University of Oulu

Swan J, Boyer S, Westlund K, Bengtsson C, Nordahl G and Törnqvist E (2023) Decreased levels of discomfort in repeatedly handled mice during experimental procedures, assessed by facial expressions. Front. Behav. Neurosci. 17:1109886. doi: 10.3389/fnbeh.2023.1109886

Decreased levels of discomfort in repeatedly handled mice during experimental procedures, assessed by facial expressions

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Author: Swan, Julia1,2; Boyer, Scott3,4; Westlund, Karolina5;
Organizations: 1Research Unit of Biomedicine, Department of Pharmacology and Toxicology, University of Oulu, Oulu, Finland
2Biocenter Oulu, University of Oulu, Oulu, Finland
3Chemotargets SL, Barcelona, Spain
4Global Safety Assessment, AstraZeneca R&D, Södertälje, Sweden
5ILLIS Animal Behaviour Courses, Stockholm, Sweden
6Independant Consultant, Strömsund, Sweden
7Sweden Operations, AstraZeneca, Södertälje, Sweden
8Department of Animal Health and Antimicrobial Strategies, Swedish National Veterinary Institute (SVA), Uppsala, Sweden
9Institute of Environmental Medicine, Karolinska Institutet, Solna, Sweden
Format: article
Version: published version
Access: open
Online Access: PDF Full Text (PDF, 1.6 MB)
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Language: English
Published: Frontiers Media, 2023
Publish Date: 2023-08-18


Mice are the most commonly used laboratory animal, yet there are limited studies which investigate the effects of repeated handling on their welfare and scientific outcomes. Furthermore, simple methods to evaluate distress in mice are lacking, and specialized behavioral or biochemical tests are often required. Here, two groups of CD1 mice were exposed to either traditional laboratory handling methods or a training protocol with cup lifting for 3 and 5 weeks. The training protocol was designed to habituate the mice to the procedures involved in subcutaneous injection, e.g., removal from the cage, skin pinch. This protocol was followed by two common research procedures: subcutaneous injection and tail vein blood sampling. Two training sessions and the procedures (subcutaneous injection and blood sampling) were video recorded. The mouse facial expressions were then scored, focusing on the ear and eye categories of the mouse grimace scale. Using this assessment method, trained mice expressed less distress than the control mice during subcutaneous injection. Mice trained for subcutaneous injection also had reduced facial scores during blood sampling. We found a clear sex difference as female mice responded to training faster than the male mice, they also had lower facial scores than the male mice when trained. The ear score appeared to be a more sensitive measure of distress than the eye score, which may be more indicative of pain. In conclusion, training is an important refinement method to reduce distress in mice during common laboratory procedures and this can best be assessed using the ear score of the mouse grimace scale.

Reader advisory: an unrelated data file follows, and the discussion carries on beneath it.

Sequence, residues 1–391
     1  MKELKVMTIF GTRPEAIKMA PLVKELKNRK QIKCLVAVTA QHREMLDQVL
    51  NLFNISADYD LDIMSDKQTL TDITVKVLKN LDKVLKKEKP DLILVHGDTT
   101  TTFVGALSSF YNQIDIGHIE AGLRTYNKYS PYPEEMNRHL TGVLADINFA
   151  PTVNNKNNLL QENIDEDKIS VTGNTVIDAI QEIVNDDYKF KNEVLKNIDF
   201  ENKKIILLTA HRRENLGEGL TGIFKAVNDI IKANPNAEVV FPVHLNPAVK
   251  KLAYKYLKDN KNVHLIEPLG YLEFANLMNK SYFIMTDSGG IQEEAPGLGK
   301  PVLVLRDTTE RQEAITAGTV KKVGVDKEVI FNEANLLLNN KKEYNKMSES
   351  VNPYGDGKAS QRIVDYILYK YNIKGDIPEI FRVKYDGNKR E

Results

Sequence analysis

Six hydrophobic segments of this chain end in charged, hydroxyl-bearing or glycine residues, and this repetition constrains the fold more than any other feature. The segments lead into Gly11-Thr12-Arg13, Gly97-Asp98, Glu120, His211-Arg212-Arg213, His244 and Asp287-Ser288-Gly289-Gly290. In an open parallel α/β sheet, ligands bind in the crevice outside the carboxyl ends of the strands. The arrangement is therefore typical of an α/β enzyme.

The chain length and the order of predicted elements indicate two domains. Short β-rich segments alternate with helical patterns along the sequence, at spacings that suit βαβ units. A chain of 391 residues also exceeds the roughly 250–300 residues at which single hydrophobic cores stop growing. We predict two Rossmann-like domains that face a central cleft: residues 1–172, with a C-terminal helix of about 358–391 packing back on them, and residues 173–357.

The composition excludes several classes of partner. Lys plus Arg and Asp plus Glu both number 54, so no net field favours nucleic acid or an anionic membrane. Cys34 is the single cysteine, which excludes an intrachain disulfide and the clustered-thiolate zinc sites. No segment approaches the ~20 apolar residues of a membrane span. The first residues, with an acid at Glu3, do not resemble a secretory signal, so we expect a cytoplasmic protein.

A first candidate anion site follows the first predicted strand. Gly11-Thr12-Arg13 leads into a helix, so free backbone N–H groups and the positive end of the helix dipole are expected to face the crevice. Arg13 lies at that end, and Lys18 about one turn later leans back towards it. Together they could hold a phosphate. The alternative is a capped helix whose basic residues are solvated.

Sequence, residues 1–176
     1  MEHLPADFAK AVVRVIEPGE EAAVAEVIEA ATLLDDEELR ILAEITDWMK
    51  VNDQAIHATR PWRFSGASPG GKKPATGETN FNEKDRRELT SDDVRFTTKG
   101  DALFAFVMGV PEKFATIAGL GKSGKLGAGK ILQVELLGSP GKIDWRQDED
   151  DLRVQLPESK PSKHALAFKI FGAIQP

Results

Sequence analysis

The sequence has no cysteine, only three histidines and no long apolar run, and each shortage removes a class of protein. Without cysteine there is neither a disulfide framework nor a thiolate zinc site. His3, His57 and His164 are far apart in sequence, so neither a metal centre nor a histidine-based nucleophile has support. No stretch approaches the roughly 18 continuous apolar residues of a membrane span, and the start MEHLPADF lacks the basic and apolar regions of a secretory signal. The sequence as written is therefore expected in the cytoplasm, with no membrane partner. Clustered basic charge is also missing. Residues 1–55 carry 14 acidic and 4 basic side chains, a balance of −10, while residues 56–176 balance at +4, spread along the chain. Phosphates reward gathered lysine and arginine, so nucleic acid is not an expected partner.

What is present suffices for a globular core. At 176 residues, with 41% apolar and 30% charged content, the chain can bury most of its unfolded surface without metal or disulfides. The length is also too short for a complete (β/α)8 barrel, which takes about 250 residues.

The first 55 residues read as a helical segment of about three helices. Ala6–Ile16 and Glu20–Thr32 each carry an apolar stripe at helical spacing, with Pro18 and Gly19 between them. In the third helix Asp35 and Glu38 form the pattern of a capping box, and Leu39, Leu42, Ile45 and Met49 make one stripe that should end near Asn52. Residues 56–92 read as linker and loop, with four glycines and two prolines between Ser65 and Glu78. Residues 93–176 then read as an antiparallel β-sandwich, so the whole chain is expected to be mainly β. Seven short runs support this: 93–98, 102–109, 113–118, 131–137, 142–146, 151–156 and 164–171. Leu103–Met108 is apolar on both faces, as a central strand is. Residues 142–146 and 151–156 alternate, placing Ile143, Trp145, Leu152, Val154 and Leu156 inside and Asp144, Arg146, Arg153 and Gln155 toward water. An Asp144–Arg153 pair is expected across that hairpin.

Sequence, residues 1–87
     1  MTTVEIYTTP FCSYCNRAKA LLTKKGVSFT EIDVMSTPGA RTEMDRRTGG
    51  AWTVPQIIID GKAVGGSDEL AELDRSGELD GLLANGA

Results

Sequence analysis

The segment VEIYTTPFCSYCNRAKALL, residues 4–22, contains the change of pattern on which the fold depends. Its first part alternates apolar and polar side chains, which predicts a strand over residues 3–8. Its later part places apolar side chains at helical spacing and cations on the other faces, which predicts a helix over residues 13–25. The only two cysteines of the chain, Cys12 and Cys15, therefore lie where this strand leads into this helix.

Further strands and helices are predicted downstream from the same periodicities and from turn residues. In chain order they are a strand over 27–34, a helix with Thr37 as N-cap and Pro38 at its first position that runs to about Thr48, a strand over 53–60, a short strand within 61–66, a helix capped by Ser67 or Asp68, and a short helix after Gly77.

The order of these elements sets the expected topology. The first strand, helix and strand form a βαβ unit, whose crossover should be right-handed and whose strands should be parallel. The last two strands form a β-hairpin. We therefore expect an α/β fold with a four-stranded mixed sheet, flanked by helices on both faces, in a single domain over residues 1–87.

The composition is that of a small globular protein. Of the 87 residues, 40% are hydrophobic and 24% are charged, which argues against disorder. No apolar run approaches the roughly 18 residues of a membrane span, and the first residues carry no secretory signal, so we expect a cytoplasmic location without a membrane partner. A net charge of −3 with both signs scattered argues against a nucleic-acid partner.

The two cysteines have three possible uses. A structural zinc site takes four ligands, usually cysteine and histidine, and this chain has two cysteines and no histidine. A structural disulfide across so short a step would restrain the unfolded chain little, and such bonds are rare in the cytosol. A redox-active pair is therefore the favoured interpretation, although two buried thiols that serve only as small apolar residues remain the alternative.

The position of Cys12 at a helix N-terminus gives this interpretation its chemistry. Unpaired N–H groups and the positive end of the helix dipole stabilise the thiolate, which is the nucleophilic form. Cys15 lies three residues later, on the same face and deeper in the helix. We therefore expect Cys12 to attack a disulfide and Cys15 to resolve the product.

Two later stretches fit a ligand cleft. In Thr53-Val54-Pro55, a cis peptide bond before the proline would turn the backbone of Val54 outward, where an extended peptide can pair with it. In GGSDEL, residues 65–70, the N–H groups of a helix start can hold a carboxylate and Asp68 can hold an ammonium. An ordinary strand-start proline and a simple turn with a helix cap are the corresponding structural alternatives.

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Series: Frontiers in behavioral neuroscience
ISSN: 1662-5153
ISSN-E: 1662-5153
ISSN-L: 1662-5153
Volume: 17
Article number: 1109886
DOI: 10.3389/fnbeh.2023.1109886
Type of Publication: A1 Journal article – refereed
Field of Science: 413 Veterinary science
Funding: This research was performed as an internal research project at Global Safety Assessment, AstraZeneca R&D, Södertälje, Sweden, which was closed in 2013.
Copyright information: © 2023 Swan, Boyer, Westlund, Bengtsson, Nordahl and Törnqvist. This is an open-access article distributed under the terms of the Creative Commons Attribution License (CC BY). The use, distribution or reproduction in other forums is permitted, provided the original author(s) and the copyright owner(s) are credited and that the original publication in this journal is cited, in accordance with accepted academic practice. No use, distribution or reproduction is permitted which does not comply with these terms.